RD Legal Funding Taken to Court over Consumer Protection Concerns

RD Legal Funding Taken

The Consumer Financial Protection Bureau (CFPB) recently in conjunction with the New York attorney general are taking RD Legal Funding LLC to court for violations said to be related to federal and state laws concerning consumer protection. A suit filed in the U.S. District Court for the Southern District of New York indicates that the organization was targeting former NFL football players who were to receive settlements from a class-action suit based on concussion injuries they sustained. In addition, RD Legal was offering advanced payments to many slated to receive settlements in the 9/11 World Trade Center attack. Apparently, their advertising is potentially confusing and deceptive as those who receive the advanced payments while awaiting their settlement payments are often unaware of the finance charges applied, which are reported to sometimes near 250%. In addition to advancing funds to future recipients of settlements, other organizations are actually funding the costs to bring suits and litigate them.

Gerchen Keller Activity in Commercial Lawsuits

An investment firm based in Chicago known as Gerchen Keller Capital has been involved in financing high-dollar commercial lawsuits. The company is alleged to have invested over $1 billion in these lawsuits in exchange for a share of the settlement awards. Nationally, some states prohibit these practices, while others do not have laws in place relating to third-party litigation financing. Ethical concerns have been heard throughout legal circles who suggest that such funding significantly prolongs cases and takes advantage of the civil court system.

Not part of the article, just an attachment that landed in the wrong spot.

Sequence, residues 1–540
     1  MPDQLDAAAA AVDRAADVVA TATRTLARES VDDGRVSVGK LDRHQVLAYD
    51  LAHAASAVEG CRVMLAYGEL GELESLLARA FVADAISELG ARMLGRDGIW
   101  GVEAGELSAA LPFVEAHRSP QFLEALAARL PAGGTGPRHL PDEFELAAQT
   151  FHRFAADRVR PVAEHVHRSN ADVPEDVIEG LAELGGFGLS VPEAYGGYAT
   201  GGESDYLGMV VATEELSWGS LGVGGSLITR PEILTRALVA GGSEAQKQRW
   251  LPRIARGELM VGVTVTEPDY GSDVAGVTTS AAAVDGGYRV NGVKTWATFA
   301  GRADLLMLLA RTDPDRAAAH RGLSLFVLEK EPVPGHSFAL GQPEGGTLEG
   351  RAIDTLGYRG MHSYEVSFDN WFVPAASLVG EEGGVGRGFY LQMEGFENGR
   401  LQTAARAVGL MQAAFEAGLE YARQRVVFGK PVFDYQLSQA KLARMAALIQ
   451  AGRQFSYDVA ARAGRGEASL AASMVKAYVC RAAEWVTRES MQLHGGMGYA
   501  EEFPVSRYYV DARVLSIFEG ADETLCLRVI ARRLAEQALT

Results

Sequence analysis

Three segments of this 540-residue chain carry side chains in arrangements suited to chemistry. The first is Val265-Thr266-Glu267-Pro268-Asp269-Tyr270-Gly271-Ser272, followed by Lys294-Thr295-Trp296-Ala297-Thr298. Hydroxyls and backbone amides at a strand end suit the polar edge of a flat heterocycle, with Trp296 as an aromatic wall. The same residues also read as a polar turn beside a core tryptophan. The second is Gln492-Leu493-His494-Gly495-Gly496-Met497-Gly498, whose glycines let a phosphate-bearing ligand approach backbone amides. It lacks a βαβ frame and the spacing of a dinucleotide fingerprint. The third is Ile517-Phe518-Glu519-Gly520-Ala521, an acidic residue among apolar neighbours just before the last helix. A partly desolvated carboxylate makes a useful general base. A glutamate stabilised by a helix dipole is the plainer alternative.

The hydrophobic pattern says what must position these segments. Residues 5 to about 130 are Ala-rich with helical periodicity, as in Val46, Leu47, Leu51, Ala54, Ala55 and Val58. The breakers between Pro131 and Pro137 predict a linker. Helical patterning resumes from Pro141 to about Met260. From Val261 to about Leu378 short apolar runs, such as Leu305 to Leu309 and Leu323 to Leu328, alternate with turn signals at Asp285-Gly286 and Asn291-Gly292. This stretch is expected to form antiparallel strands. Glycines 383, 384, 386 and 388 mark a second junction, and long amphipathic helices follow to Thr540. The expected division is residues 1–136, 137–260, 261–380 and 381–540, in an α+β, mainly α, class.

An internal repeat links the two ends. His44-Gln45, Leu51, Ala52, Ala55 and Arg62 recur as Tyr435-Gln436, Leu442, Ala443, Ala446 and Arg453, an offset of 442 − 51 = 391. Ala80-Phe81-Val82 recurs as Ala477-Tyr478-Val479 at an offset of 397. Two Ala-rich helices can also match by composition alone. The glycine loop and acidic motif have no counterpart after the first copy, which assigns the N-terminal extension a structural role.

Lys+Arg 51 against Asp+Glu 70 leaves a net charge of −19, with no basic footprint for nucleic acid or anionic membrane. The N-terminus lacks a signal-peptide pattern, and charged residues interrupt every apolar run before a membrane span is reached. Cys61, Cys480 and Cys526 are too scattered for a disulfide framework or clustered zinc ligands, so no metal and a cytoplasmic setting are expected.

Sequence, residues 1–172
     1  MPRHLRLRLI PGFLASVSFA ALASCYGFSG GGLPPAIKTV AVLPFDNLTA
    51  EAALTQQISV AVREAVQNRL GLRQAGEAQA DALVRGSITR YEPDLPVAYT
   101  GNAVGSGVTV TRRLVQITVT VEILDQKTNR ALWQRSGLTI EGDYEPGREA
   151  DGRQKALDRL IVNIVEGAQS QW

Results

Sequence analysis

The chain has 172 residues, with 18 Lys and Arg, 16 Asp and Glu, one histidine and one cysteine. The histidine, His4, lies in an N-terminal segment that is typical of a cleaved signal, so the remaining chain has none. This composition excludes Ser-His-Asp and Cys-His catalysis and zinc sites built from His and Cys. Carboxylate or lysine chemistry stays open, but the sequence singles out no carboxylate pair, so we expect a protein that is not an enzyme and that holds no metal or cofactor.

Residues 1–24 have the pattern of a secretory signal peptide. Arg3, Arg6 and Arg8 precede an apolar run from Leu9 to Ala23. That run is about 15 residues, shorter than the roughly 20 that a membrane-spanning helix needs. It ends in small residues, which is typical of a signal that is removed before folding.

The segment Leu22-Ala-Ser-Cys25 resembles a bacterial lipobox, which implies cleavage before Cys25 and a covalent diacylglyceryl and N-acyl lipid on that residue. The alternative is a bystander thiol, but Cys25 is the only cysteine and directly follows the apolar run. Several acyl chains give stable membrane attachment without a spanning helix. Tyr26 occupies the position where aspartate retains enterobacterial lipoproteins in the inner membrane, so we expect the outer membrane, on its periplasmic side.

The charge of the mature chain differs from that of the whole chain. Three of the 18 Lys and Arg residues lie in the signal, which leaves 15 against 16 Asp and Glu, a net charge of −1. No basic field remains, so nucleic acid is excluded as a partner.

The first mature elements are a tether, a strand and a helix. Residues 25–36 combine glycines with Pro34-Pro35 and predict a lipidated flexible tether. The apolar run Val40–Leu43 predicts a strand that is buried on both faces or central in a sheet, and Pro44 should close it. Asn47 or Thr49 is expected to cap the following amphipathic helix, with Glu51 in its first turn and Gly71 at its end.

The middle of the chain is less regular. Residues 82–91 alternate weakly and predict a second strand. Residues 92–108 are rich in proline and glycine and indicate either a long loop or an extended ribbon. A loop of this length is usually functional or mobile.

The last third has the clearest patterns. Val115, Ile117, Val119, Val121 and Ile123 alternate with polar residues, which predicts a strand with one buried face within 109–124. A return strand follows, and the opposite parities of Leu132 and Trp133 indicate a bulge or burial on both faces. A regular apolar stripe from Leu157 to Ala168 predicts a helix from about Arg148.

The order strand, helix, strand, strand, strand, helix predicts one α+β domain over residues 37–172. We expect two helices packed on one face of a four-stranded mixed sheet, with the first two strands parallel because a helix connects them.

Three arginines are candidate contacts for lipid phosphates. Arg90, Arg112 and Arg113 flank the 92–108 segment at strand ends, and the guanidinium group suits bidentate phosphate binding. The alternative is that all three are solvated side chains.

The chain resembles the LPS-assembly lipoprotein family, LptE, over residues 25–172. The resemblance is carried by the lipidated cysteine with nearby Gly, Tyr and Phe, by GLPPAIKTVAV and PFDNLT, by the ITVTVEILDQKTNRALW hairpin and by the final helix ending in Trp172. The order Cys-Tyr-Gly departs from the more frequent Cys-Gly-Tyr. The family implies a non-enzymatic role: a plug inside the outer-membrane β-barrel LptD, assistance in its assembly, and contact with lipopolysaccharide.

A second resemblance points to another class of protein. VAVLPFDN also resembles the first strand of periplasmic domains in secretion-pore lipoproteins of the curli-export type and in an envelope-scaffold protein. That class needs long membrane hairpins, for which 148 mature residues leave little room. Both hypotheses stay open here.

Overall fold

Financiers Deny Wrongdoing

Those operating within this little-known financing segment claim that they provide a needed service in the market and that their loans are outside the realm of consumer-based credit law. Pre-settlement “funders” essentially provide advanced funds for those awaiting payouts in exchange for a fee. Their contracts are apparently structured in a manner where these transactions are not classified as loans to bypass banking and regulatory oversight and rules. J.G. Wentworth, a large player in this market, says that the CFPB is investigating in areas beyond their scope of authority.

Colorado’s Laws Regarding the Issue

The Colorado Supreme Court issued a ruling in 2015 that these transactions are non-asset purchases. They ruled that they are governed by the consumer loan authorities under the Consumer Credit Code of the state. This means that finance charge limitations and full disclosure of related terms and provisions must be done. Currently, 11 states have some variation of laws regulating this market and more are likely to adopt in the coming years.

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